1. Oral route: if the patient is fit enough, the drug can be taken as a tablet, pills, capsules or liquid form. This can be administered from home, but the patient will require regular check-ups to ensure its proper functioning. Some capsules with protective coating helps in slow release of the drug. This allows to maintain a longer duration between the doses.
  2. Sub lingual tablets: are those which can be placed under the tongue for absorption. This allows rapid absorption through the blood stream and has a quick effect. It is especially useful for anti-nausea medications.

Not all medications can be given this way. This is because sometimes the drug gets destroyed by the stomach acids and turn out to be ineffective. The released drug may also not be absorbable by the stomach and intestinal lining which ends up excreted without being metabolized. Sometimes, the drug may damage the intestinal walls if released in the stomach. Few other forms are as follows-

  • Subcutaneous injections: the drugs that are injected between the skin and muscle layer are called subcutaneous injections. They do not go to the level of muscles. They are mostly used as chemotherapy support drugs. They are less likely to bleed when compared to intramuscular injections and hence are used in patients who have platelet deficiency.
  • Intramuscular injections: the drug is injected into the muscle past the skin. This method causes bleeding within the muscle. Most chemo drugs cannot be administered in this manner as they may cause damage to the tissue wall.
  • Intravenous injections: the chemo drugs are directly infused into the patient’s veins and is carried to the blood stream. It is the quickest source of administration with modifiable dosage time and duration. Various methods of intravenous injections are given:
  • Angio-catheter: a temporary catheter until drug is administered.
  • PICC lines: these are long plastic catheters that may be placed for a longer duration. It could be used for in-patient treatment or at-home infusions. Fluoroscopy X-rays are done to confirm if the catheter is placed in the right position.
  • Tunneled catheters: these are catheters placed sub-cutaneous, at the chest, and inserted into the superior vena cava. They have multiple lumen or entry points. They can be left in the patient’s body for months to years with low risk of infection. Regular changing of dressings is necessary. It is used in extensive therapies like bone marrow transplants.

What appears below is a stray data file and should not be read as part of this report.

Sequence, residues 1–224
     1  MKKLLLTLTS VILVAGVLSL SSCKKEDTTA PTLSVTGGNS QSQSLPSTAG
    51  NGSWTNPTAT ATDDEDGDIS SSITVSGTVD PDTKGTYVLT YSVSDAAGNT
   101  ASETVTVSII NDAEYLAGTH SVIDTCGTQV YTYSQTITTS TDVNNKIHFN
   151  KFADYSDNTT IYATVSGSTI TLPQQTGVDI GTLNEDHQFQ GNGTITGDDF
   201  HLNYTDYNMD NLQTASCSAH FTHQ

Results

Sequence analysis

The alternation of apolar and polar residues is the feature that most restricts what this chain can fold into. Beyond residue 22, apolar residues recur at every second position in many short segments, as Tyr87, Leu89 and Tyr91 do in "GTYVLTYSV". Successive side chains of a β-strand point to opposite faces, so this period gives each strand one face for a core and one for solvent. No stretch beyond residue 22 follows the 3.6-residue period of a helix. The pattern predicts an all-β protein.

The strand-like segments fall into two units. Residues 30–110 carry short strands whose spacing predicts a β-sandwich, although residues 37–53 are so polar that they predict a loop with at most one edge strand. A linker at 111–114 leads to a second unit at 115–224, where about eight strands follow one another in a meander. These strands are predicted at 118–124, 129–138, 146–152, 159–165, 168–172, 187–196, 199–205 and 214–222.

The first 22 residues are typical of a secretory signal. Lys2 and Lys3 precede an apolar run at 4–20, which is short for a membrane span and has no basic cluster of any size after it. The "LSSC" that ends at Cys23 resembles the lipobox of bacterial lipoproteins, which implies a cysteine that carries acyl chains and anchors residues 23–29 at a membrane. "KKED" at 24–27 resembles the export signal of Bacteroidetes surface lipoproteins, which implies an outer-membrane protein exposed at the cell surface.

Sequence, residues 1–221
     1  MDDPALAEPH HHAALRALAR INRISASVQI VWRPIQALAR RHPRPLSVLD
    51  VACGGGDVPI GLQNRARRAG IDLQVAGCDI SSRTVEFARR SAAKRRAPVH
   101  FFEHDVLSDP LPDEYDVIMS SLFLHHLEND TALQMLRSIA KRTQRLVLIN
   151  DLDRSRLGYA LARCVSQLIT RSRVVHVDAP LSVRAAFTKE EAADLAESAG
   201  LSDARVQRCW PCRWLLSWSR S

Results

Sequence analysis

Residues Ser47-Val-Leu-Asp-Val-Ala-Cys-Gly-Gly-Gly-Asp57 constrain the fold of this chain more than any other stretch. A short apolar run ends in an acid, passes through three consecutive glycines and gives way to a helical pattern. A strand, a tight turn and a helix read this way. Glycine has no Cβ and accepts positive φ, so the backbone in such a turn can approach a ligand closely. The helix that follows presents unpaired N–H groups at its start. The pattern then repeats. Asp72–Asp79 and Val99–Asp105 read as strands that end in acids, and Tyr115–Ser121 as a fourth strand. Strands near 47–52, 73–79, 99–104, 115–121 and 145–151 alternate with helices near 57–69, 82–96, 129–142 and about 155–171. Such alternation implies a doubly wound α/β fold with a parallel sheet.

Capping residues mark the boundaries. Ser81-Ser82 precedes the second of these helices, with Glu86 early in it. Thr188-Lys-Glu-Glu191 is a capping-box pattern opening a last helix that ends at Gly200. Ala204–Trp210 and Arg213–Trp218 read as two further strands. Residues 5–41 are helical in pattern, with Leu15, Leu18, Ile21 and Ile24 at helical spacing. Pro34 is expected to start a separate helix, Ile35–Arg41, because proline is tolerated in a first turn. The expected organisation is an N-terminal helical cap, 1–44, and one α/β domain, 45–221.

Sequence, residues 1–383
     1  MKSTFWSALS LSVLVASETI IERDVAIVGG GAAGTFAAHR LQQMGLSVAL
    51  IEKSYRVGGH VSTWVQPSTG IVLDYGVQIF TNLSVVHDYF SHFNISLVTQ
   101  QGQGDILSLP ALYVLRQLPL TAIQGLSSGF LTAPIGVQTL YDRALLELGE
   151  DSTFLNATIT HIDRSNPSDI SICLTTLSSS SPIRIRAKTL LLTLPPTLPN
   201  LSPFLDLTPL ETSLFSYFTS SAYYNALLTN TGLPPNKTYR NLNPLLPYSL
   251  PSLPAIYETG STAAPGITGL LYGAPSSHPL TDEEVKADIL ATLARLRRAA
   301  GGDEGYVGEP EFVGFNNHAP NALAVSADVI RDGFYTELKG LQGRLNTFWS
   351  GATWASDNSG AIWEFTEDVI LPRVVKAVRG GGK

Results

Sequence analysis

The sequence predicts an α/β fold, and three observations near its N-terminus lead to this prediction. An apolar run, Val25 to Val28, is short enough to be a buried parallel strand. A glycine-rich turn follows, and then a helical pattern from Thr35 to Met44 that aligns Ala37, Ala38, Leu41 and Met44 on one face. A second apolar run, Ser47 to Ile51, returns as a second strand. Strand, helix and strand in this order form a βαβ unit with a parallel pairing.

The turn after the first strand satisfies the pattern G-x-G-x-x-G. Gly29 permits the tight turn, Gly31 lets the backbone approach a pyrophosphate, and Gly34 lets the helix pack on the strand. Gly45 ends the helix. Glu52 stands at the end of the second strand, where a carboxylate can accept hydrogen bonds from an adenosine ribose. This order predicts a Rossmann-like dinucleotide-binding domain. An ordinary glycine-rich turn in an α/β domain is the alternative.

•  Non-tunneled catheters: these are directly entered into the jugular or subclavian vein to reach the superior vena cava. They are done for emergency or short-term treatments. Infections can spread faster and regular dressings are needed.
  • Port-a-cath: this is a more permanent device. It can be left unchanged for 3-5 years. It is inserted directly to the superior vena cava in the right atrium of the heart.
  • Intraventricular or intrathecal methods: this is when the medication is to be injected into the cerebro-spinal fluid. There are two methods, lumbar tap and ommaya reservoir.
  • Intraperitoneal methods: the drug is directly injected into the abdominal cavity and does not go through the stomach or intestines. This is said to reduce the body’s overall exposure to the drug.
  • Intra-arterial methods: in this method, the drug is directly infused to the artery that is feeding the tumour.
  • Intravesicular chemotherapy: the chemo drugs are infused to the urinary bladder through a catheter.
  • Intrapleural chemotherapy:  the chemo drug is injected into the lung cavity or the pleura. It is primarily used in treatment of lung cancers.
  • Implantable chemotherapy treatments: implantable structures are placed into the cavity after surgery for slow release of the drug.
  • Topical chemotherapy treatments: the chemotherapy drugs can sometimes be applied on the skin like a cream. It is used in cases of skin cancers.


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What are the side effects of chemotherapy?

Chemotherapy destroys not only the cancer cells but also the normal, healthy viable cells.

Some of the common side effects are:

  1. Hair loss: this is one of the first things noticed by the patient. Hair loss is not only on the scalp, it is throughout the body. Hair loss is a temporary side effect. Hair grows back normally once the treatment is completed. It can be reduced by wearing a cold cap (except in cases of leukaemia). This does not cause any physical health issues but has an adverse effect on the psychology of the patient.

Nails ca become brittle and flaky as well.

  • Nausea and vomiting: almost 65 to 70 %of patients face this problem. Anti-emetics (drugs which prevent vomiting) help to reduce and prevent its re-occurrence when the chemotherapy is completed.